Flashbangs do no damage, but one good throw can win a round. This is the cheapest grenade in CS:GO, but also the most difficult to master. CS.MONEY Blog explains how flashes work, teaches how to use them correctly, and instructs about not blinding yourself or your teammates. Shall we?
Before moving to Flashbangs 101, we’ve got an important announcement: constant bright flashes and loud explosion sounds from a flashbang pop can damage your health. And since we can’t do anything about sudden white screens, at least you can try cutting off its noise, using loudness equalisation in Windows Settings or by installing an audio compressor. Take a few minutes to do this and protect your ears.
What’s A Flashbang?
Flashbang, or a stun grenade, is available to both sides in the game. One player can carry up to two flashes, each costing $200. When exploded, this grenade blinds and deafens nearby players. Note! Unlike Molotov flames or HE explosions, flashes do not have any effectiveness reduction against allies. A stun grenade blinds everyone equally.
Learning how to throw flashbangs in CS:GO is easy: it works like any other grenade, but you need to calculate accordingly. A normal attack (LMB) is a strong throw, and an alternate fire (RMB) is a weak throw. When thrown, your flash flies for approximately two seconds before it explodes. The explosion is followed by a flash of light and a loud sound, leaving a black mark on the surface below.
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How Do Flashbangs Work?
CS:GO stun grenade effectiveness depends on two things: distance and view angle from your sight to a place of explosion. It’s pretty easy with distances: the further a flash explodes, the weaker the effects. You can hear the stun grenade explosion sound from far away, more than a hundred meters or 4000 units. However, its characteristic ringing is heard only if you were less than 1000 units away or approximately 25 meters from the grenade at the time of the explosion.
Now, let’s talk blinding. It has two stages: complete and partial. During full blindness, you have a completely white screen; during partial blindness, you can see through a, let’s say, white filter. Full blindness, albeit short-term, is applied only if you were looking directly at a flashbang when it exploded AND at a distance of 1300 units or 33 meters close to it. It’s not that much, roughly equal to top mid boxes to turn to short on Mirage. Partial blinding can be applied from a distance exceeding 50 meters. However, it will last only a fraction of a second. But if you’re around 40 meters from the explosion, it will last half a second.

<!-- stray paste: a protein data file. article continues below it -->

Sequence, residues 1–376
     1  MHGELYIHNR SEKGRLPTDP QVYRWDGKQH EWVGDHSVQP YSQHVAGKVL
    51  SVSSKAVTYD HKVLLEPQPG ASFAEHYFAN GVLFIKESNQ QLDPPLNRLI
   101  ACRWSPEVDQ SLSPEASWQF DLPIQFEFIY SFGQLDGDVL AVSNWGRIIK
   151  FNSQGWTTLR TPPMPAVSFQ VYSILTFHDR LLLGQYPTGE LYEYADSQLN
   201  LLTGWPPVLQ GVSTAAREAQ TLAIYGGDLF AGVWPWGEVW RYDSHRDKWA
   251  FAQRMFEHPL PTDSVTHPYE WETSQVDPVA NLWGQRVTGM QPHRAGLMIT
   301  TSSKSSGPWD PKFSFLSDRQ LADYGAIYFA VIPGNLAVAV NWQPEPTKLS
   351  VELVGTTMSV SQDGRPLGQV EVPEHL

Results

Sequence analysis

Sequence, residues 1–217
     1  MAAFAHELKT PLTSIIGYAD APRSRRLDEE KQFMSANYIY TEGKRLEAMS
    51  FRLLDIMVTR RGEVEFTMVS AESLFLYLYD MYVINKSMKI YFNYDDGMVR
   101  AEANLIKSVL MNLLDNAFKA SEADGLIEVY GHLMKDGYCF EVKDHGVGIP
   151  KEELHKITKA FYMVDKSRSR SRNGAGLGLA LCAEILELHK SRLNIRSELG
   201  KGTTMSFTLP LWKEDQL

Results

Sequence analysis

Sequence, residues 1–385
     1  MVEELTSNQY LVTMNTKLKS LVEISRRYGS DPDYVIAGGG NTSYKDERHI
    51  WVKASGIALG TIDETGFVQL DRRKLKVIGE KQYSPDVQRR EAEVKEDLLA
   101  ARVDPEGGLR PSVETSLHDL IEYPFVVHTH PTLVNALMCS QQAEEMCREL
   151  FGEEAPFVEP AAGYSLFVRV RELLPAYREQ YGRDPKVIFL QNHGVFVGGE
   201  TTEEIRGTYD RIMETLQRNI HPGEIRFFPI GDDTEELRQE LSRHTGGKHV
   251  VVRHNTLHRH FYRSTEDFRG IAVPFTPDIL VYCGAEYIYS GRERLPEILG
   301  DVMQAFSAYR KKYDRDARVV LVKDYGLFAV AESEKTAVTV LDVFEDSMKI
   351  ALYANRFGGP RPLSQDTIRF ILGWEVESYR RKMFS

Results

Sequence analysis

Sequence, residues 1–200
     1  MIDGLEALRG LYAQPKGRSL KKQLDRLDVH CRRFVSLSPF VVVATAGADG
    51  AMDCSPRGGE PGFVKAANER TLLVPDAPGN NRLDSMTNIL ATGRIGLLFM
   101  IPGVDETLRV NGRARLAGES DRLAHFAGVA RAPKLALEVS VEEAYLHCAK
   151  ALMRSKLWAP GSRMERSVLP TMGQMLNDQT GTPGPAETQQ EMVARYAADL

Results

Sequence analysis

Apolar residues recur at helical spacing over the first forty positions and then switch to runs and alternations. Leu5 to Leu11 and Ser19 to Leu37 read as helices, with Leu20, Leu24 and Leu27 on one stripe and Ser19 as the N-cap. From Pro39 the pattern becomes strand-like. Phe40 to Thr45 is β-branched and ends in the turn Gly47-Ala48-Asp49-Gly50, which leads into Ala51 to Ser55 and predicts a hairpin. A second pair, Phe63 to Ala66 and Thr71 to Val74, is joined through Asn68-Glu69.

In addition to distance, view angle is also critical. If a flash explodes right in front of your face, you’ll get the max timing possible. If it explodes behind you, on the contrary, it will barely illuminate the screen. In CS:GO, there are four blindness grades:
- Below 53 degrees is the worst case scenario: lasting for around two seconds.
- 53 to 72 degrees, last half a second, but hits hard.
- 72 to 101 degrees, still effective, although short.
- 101 to 180 degrees is the weakest form of stun, barely noticeable.
As you can see, these blindness grades vary considerably. If applied perfectly, the first means almost two seconds of white screen, the second is only half a second, and the third and fourth are less than a tenth of a second. See the exact values in the table below.
Considering all the tough info mentioned above, let’s calculate how to perform a flashbang throw perfectly. TL;DR, it should explode as close as possible to the victim’s sight and at a distance of about ten meters or less. In this case, your enemy will be incapacitated, blind and deaf for about four seconds.
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Still, there’s a tiny problem: even the slowest opponent will have time to turn away if you just throw a flashbang. In addition, each bounce of a surface makes a characteristic sound. The best option is to throw a flash so that it flies all the time before the explosion is out of the opponent’s sight and, simultaneously, does not hit walls and other surfaces. Such flashes are called instant flashes and are an extremely effective tool in a player’s arsenal. Try to learn at least a few instants for every map you play.
The only and best option on how to protect yourself from flashbangs is simply not to look at it. Just look away if you see a stun grenade flying towards your POV or hear a wall ricochet sound. There is no need to make a 180-degree turn; angling sideways is enough: it will significantly reduce flashbang’s effects. Note that you don’t necessarily need to turn; you can simply aim your sight down to the ground—it works the same.
Let’s sum things up. Flashbangs blind and deafen enemies completely or partially for up to five seconds. Within CS:GO, it’s a huge timing. But despite such an effect, flashes are very cheap, and therefore you should buy them every round possible.
By the way, if you need to learn how sounds work in CS:GO, we’ve already solved this one: just jump via this link to learn what you can hear and can’t.
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